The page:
October 1, 2006
“I’M REALLY MORE OF AN ART BLOGGER THAN A LAW BLOGGER:” But, we’re told, art and law are just two different ways of manipulating people.
“I’M REALLY MORE OF AN ART BLOGGER THAN A LAW BLOGGER:” But, we’re told, art and law are just two different ways of manipulating people.
A MASSIVE PROTEST AGAINST ETA TERRORISTS IN SEVILLE: Gateway Pundit has a roundup.
MIKE RAPPAPORT: “I remember being in Germany in the 1980s, when Irish kids would go there to try to get jobs. Now the travel goes in the opposite direction. Every Democrat (and many Republicans including President Bush) should be asked about the Irish miracle and how their own policies compare with these.”
HERE’S VIDEO from the Artificial General Intelligence conference in Palo Alto.
TIM BLAIR notes a double standard regarding the Michelle Malkin photoshop on Wonkette.
But a commenter notes the problem that transcends the faux-tography issue: “What’s hypocritical about being photographed in swimwear? Is she an advocate for Sharia law?”
Plus, remedial education for urbanites. What, the answer isn’t “the store?”
UPDATE: More troubling Malkin photos. Plus, from a commenter, the most important observation of all: “At least she didn’t cat blog.”
KAUS ON FOLEY:
The only clearly guilty party, as far as I can see–aside from Foley–is the New York Times, which hyped the anti-Hastert angle by conflating the earlier, suggestive emails and the later damning ones.
I’m not sure I’m ready to cut Hastert that much slack, though the NYT certainly doesn’t get much either. And Ann Althouse thinks that blaming the closet is letting Foley off too easy: “But many heterosexuals also pursue young subordinates. They are fully open about their sexual orientation, but somehow they do bad things too.”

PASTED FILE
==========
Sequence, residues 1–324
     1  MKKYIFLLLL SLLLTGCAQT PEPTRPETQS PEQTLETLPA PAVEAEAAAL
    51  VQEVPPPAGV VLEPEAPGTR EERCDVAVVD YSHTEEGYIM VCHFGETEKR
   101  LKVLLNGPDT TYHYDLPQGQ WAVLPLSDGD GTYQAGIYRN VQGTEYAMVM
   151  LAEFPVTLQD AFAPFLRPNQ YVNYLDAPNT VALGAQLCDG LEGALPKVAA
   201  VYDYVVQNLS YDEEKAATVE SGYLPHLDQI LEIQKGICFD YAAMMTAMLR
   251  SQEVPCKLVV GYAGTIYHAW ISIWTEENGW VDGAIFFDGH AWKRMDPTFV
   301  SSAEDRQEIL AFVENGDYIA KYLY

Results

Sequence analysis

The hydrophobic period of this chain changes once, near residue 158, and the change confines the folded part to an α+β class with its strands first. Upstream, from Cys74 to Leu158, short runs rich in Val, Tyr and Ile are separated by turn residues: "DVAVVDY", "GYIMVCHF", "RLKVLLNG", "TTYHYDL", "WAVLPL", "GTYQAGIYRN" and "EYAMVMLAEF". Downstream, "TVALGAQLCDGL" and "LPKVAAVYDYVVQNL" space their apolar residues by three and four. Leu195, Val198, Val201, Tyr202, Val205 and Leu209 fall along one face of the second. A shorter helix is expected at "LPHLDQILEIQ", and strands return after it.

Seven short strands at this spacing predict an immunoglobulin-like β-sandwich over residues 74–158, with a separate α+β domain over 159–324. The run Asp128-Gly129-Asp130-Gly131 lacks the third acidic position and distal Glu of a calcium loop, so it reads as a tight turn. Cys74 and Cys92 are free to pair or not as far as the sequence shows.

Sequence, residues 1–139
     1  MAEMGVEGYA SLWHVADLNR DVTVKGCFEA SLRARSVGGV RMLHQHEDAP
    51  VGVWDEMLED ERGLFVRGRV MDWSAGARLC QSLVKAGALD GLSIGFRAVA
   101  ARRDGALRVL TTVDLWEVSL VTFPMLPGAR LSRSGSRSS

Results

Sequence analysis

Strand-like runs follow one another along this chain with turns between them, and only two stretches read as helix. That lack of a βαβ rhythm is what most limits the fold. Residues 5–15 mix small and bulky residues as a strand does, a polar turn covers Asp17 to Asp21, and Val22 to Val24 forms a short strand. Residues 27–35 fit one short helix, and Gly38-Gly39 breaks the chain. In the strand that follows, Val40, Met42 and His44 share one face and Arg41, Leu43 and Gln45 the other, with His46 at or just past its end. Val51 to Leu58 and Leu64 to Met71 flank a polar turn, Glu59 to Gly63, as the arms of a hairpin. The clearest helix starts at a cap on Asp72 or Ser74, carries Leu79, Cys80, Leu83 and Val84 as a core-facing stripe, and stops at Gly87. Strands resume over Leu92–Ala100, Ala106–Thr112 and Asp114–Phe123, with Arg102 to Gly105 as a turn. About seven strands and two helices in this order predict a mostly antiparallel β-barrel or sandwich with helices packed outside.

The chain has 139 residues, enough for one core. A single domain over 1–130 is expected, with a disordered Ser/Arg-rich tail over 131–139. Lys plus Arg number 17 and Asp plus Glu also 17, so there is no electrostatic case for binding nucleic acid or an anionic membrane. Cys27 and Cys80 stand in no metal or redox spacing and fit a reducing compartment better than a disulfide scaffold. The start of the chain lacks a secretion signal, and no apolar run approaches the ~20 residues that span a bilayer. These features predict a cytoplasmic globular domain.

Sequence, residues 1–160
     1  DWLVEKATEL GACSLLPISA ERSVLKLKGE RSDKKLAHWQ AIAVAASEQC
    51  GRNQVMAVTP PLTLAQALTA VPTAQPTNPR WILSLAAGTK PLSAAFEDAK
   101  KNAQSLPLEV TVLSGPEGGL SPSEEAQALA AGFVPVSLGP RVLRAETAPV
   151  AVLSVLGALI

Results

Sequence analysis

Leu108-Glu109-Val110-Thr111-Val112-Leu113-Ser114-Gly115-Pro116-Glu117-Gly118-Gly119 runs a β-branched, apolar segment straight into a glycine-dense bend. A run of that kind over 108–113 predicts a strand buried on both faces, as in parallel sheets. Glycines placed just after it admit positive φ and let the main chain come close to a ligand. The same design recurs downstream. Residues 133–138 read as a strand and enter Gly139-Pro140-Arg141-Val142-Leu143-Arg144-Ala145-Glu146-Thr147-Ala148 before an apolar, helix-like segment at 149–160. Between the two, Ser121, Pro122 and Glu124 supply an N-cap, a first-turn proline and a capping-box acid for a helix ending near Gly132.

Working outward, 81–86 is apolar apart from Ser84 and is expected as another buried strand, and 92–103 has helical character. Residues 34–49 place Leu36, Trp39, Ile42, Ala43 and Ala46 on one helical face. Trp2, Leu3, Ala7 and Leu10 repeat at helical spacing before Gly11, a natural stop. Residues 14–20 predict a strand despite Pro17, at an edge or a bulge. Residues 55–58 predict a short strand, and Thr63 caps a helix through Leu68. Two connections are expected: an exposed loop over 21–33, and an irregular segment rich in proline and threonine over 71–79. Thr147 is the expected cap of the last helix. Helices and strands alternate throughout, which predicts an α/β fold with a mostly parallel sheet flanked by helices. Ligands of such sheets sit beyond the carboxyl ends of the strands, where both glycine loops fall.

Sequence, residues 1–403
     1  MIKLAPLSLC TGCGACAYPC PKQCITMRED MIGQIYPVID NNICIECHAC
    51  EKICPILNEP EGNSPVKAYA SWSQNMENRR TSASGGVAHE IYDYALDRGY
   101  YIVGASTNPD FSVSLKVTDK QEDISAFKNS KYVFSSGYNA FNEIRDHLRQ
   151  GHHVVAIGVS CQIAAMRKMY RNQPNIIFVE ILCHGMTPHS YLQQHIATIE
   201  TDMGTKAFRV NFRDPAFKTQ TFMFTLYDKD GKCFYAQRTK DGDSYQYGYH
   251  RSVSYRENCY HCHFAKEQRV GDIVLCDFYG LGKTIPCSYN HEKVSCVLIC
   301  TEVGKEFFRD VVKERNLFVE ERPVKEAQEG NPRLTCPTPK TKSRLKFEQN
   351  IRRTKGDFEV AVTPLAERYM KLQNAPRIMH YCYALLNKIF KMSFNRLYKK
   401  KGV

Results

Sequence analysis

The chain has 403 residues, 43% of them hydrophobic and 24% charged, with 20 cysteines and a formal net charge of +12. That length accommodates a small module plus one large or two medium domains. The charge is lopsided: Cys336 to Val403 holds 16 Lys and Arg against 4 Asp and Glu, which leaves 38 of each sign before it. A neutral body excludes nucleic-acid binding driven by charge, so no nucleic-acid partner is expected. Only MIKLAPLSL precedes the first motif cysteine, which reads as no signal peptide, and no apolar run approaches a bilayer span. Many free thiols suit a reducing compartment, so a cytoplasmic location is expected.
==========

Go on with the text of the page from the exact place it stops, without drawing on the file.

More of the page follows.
Meanwhile, Tom Maguire smells a rat — er, besides the obvious one, I mean: “Apparently the Mark Foley story first broke on this new blog, StopSexPredators.blogspot.com, which started in July and brought down the Congressional leadership with its sixth, seventh and eighth posts. Color me skeptical. . . . The story was evidently not quite good enough for the D Kos, but ABC found enough to run with it.”
MORE STILL: Bill Quick has read the IM traffic.
And Eric Scheie comments: “It’s inappropriate behavior by a high-ranking congressman, and no more. . . . So why is the left acting like it’s Watergate?”
EVEN MORE: Reader C.J. Burch offers a prediction:
Once the FBI starts investigating, and they will, all sorts of lurid things are going to come out about the use and abuse of pages on both sides of the aisle. And with Representative Jefferson getting indicted soon… great fun ahead for comedians. I’m beginning to suspect that the Republicans and the Democrats both secretly hate the two party system and are working hard to destroy it. The alternative explanation, that they are both this incompetent, corrupt and sleazy is just too depressing to contemplate.
As I noted below, the response to the Jefferson search makes me wonder what else they’re hiding.